We expect to see health information requests come from many different directions. When releasing the final rule, the ONC clearly indicated that the purpose was to allow patients to access their medical records from multiple providers and multiple systems in one place. In fact, they state, “patients will be able to securely and easily obtain and use their electronic health information from their provider’s medical record for free, using the smartphone app of their choice.”[8]

Over the next few years, most of the requests will come from patients or other requestors on patients’ behalf, typically from health app developers. There are a significant number of medical record apps available in the Apple Store and in Google Play, and according to research, the number of mobile health apps available in the Apple Store nearly doubled over the last 6 years.[9] Apple has even recently released its own patient-centric health app for records, appointments, etc.[10]

How Much Time Do We Have to Comply with a Request?

The Cures Act does not change the timeframe currently required under HIPAA. However, according the rules, providers “must fulfill the request without unnecessary delay.”[11] HHS further weighs in on the timeliness of responding to a request under HIPAA and states, “The 30 calendar days is an outer limit and covered entities are encouraged to respond as soon as possible.”

This means that providers cannot simply “slow play” the requests, and HHS believes that patients “may reasonably expect a covered entity to be able to respond in a much faster timeframe when the covered entity is using health information technology in its day-to-day operations.” Since the Cures Act is specific to providers housing EHI, it is safe to say that the Office of Inspector General (OIG) will expect quick turnarounds on these patient requests.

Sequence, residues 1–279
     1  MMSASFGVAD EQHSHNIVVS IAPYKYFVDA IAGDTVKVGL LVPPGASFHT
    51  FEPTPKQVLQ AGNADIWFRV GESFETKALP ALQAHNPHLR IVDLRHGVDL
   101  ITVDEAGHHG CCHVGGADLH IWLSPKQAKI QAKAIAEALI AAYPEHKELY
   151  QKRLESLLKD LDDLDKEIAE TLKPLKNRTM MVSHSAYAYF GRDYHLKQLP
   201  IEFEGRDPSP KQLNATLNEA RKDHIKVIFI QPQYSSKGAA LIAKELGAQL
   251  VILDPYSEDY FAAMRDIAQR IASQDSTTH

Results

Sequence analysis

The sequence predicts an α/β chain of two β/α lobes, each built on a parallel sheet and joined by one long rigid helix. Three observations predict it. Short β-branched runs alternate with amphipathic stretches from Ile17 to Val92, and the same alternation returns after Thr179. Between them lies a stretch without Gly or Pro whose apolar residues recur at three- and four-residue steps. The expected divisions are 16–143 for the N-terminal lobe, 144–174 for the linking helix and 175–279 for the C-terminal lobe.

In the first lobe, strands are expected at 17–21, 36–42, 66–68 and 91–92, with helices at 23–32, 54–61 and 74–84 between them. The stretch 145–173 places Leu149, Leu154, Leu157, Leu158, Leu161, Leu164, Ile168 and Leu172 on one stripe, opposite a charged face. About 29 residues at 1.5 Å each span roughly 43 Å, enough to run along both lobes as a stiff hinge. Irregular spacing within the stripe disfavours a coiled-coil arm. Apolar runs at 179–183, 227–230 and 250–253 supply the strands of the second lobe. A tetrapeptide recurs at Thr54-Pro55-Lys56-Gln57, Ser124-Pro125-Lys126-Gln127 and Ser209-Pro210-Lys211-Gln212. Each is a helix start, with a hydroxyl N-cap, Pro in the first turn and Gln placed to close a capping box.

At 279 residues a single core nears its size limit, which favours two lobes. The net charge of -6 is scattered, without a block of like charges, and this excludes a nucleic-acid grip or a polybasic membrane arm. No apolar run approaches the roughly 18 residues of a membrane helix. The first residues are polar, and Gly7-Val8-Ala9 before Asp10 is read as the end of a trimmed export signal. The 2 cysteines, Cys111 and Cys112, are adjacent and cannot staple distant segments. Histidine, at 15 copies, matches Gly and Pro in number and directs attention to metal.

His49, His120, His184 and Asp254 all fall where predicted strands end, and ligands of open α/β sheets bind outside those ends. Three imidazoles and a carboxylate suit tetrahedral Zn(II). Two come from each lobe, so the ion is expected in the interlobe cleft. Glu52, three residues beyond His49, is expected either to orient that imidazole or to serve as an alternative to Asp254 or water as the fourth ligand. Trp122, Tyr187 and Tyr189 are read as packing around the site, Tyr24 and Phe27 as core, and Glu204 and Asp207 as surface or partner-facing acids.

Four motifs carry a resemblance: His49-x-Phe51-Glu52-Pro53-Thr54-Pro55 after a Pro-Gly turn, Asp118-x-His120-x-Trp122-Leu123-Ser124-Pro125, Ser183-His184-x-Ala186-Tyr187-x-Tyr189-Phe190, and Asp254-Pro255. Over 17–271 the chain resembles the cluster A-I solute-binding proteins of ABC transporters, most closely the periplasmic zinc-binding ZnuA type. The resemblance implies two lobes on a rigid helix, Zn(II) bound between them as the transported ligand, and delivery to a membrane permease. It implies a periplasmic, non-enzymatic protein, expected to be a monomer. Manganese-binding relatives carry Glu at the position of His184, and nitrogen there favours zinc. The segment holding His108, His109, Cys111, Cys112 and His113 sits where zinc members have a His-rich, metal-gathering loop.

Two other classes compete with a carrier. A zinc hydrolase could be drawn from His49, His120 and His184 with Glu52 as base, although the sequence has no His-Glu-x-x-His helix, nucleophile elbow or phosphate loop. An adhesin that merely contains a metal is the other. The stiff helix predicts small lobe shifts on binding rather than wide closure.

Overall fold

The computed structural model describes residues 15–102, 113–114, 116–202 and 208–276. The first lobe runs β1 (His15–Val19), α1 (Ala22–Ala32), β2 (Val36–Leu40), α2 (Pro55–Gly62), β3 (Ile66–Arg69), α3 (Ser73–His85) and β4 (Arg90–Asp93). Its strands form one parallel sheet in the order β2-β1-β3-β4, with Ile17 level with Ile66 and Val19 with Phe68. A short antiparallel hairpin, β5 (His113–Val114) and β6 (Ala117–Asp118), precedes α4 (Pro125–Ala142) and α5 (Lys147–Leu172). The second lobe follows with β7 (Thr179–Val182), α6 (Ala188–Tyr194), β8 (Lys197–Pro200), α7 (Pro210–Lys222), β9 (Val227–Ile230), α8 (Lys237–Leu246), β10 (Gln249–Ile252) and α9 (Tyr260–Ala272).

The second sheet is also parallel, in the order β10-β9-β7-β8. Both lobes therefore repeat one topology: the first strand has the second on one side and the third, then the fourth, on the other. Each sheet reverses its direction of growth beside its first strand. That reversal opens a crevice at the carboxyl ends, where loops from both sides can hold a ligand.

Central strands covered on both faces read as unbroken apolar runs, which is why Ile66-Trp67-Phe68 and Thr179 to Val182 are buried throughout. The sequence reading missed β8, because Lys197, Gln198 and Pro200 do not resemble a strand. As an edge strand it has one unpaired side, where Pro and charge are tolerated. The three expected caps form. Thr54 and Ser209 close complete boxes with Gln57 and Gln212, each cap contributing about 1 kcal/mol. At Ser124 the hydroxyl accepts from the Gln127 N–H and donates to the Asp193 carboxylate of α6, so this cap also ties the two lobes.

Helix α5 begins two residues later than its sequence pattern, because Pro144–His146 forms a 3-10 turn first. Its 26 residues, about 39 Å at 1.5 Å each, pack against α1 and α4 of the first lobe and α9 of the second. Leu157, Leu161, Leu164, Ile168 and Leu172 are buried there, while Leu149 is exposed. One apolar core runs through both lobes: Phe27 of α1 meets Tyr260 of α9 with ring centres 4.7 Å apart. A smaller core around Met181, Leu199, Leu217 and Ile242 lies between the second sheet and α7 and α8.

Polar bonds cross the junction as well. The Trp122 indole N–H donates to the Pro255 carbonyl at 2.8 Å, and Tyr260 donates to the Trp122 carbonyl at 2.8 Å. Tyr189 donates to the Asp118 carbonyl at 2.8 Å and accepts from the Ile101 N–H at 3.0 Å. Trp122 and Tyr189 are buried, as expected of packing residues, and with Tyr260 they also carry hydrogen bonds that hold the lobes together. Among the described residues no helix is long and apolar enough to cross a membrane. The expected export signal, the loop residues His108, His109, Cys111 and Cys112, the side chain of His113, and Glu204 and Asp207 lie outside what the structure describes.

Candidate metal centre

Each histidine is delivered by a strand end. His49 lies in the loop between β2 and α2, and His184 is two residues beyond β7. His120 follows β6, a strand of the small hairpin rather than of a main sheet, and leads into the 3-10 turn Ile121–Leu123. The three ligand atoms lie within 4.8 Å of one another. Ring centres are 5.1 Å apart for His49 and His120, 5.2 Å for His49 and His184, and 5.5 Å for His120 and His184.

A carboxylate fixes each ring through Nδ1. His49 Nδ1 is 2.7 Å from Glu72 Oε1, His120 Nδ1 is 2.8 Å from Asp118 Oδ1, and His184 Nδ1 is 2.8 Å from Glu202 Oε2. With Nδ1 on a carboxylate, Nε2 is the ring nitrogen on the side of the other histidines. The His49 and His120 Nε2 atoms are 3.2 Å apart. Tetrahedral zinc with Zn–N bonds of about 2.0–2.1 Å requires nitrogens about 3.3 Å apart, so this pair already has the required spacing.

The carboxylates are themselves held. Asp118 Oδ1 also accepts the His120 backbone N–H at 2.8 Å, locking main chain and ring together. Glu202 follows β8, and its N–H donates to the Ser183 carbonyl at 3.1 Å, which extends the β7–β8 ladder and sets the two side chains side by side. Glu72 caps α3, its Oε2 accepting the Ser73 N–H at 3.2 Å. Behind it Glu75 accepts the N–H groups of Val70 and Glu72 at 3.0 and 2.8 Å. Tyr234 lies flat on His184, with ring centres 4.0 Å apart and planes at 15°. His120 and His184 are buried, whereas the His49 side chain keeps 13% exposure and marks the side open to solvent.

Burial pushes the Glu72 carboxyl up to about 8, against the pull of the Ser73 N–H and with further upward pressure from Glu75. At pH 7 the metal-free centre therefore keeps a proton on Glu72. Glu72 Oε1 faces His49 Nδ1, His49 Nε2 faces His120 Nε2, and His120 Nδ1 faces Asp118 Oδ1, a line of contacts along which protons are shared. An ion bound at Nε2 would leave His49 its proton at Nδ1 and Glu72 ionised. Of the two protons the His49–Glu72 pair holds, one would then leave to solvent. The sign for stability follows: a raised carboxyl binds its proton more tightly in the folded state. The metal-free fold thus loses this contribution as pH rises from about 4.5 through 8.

Additionally, if you were not aware, HHS has released new HIPAA rules that aim to reduce record request compliance time from 30 days to 15 days. Although this change is not final, we do expect it to be final toward the end of 2021.

What are the Consequences of NOT Complying with the Cures Act?

The current enforcement provisions in the Cures Act may be akin to a “slap on the hand” for most providers, because the OIG will only refer information blockers “to the appropriate agency to be subject to appropriate disincentives using authorities under applicable Federal law.”[12] Disincentive reporting, as described will therefore impact doctors covered under MIPS more than other doctors.

However, although we believe this would only be used in very rare cases, some legal experts believe that practitioners in serious violation could be reported to Medicare for possible exclusion. This, of course, would be a devastating blow to those practices.

In addition to enforcement consequences for providers, developers of certified health information technology along with health information exchanges and networks are subject to civil monetary penalties of up to $1,000,000 per violation.

Another key consideration will be a newly established standard of care. Chiropractic physicians should not simply ignore the requirements simply because the penalties are not significant. Instead, the profession should consider that most of the other healthcare professions will be adhering to the new requirements, thus establishing a new expectation from patients and a standard of care for all providers.

What is Next?

The CCA will be publishing another article that will walk through the particulars of each of the exceptions and how they will apply in your office. This will give more practical guidance to our doctors in how to implement the Cures Act in their practices.

Doctors should reach out to their EHR vendors to request their plans for complying with the Cures Act. It is important to note that, although EHI vendors are NOT required to become certified, providers that have EHI are required to comply with Cures. That means that a doctor’s EHR vendor may decide to forgo certification, and the doctor will have to find a way to provide requested information on his/her own.